By Catherine Conybeare
This literate and obtainable research examines the profound impression Paulinus had on Christian inspiration in the course of a very important interval of its improvement. The letters of Paulinus and his correspondents painting an early Christian 'web' of shared thoughts, highbrow dialogue, and staff improvement. Catherine Conybeare examines how the very strategy of writing and transmitting letters among individuals of a neighborhood helped to bind that neighborhood jointly and to assist the construction of rules which might proceed to reverberate for hundreds of years. Paulinus used to be key to that workforce iconic as a version of habit, as a conversion good fortune tale, and as an highbrow contributor capable of bridge the previous international and the hot.
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Extra resources for Paulinus Noster: Self and Symbols in the Letters of Paulinus of Nola (Oxford Early Christian Studies)
1: ‘frater Victor, inter alias operum tuorum et votorum narrationes . . 175 Indeed, the carrier is often described as a ‘second letter’. Augustine again provides a good example: ‘sanctos fratres Romanum et Agilem, aliam epistulam vestram audientem voces atque reddentem et suavissimam partem vestrae praesentiae . . 176 The carrier thus performs an extraordinarily liminal role. He is an independent agent, and comments are passed on him as such; but he is also representative of something beyond himself.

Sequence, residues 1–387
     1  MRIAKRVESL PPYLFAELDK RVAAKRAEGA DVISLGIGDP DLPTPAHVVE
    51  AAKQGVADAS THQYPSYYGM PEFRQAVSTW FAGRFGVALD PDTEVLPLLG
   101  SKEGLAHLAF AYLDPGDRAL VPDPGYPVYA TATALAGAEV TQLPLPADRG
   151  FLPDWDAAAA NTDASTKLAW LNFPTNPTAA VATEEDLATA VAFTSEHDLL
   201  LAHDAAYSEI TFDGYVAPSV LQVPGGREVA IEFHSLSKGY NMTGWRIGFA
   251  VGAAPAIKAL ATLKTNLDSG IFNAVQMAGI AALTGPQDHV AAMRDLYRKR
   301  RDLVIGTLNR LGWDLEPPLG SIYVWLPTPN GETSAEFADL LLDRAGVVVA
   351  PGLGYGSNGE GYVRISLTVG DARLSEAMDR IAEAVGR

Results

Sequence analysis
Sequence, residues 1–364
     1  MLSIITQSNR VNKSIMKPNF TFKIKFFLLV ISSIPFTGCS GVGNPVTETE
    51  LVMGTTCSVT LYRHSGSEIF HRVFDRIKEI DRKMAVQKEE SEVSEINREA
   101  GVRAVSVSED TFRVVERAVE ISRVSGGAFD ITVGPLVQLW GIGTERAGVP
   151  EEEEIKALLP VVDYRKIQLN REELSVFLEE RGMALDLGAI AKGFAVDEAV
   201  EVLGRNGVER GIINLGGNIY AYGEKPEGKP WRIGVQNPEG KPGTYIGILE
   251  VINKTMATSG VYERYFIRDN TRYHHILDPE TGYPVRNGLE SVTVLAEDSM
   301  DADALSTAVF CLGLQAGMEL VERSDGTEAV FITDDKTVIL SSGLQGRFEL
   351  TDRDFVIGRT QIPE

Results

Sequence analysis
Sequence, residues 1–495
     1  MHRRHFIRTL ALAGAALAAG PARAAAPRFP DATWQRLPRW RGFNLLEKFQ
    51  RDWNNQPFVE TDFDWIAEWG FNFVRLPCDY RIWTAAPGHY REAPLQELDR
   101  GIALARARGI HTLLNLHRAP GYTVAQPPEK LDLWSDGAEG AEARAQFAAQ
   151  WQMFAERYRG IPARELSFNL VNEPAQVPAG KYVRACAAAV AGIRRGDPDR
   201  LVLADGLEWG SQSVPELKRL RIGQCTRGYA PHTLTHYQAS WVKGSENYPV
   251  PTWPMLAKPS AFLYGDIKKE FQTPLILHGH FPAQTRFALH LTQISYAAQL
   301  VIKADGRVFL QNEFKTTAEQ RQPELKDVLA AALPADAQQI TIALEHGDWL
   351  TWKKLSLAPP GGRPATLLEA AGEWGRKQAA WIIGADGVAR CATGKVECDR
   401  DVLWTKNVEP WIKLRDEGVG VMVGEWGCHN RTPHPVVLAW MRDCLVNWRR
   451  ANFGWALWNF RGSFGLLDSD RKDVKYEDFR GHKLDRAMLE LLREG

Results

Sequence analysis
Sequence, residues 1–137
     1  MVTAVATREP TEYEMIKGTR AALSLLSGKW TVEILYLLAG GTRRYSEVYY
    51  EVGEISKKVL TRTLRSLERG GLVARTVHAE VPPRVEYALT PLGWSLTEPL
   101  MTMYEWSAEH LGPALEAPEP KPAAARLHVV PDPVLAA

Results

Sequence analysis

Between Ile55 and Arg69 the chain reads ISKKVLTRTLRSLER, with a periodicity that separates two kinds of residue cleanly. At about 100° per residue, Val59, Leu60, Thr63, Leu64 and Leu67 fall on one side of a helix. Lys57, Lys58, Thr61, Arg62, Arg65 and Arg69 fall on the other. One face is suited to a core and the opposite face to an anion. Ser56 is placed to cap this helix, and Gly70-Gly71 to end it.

177 Paulinus, Letter 27. 2. 178 Paulinus, Letter 6. 3. 179 There is something more powerful than representation here: the carrier is patently assigned great vicarious signiﬁcance. The patterns of thought beginning to emerge from the letters of Paulinus apparently delight in overthrowing the obvious boundaries set by embodiment in favour of a spirituality of integration and paradox: such patterns are particularly thrown into relief by the liminality of the carriers. This will be explored further in Chapter 6; for the time being, it sufﬁces to observe that a carrier is very far from being a mere mechanism, or a transparent relayer of others' words.
That such an existence should be signiﬁcant for the way in which friendships are formulated and sustained should be immediately apparent; but, as I shall argue, a sense of community is of equal signiﬁcance in formulating a sense of self. Finally, the impression of a conscious creation and enactment of new ideas about how to live a Christian life pervades the letters of Paulinus and his correspondents. These are often based upon the notion of imitation as a positive, 18 INTRODUCTION creative concept—an oddity in this age which prizes ‘originality’, but, as we shall see, a fundamental aspect of engagement with Christ for Paulinus and his peers.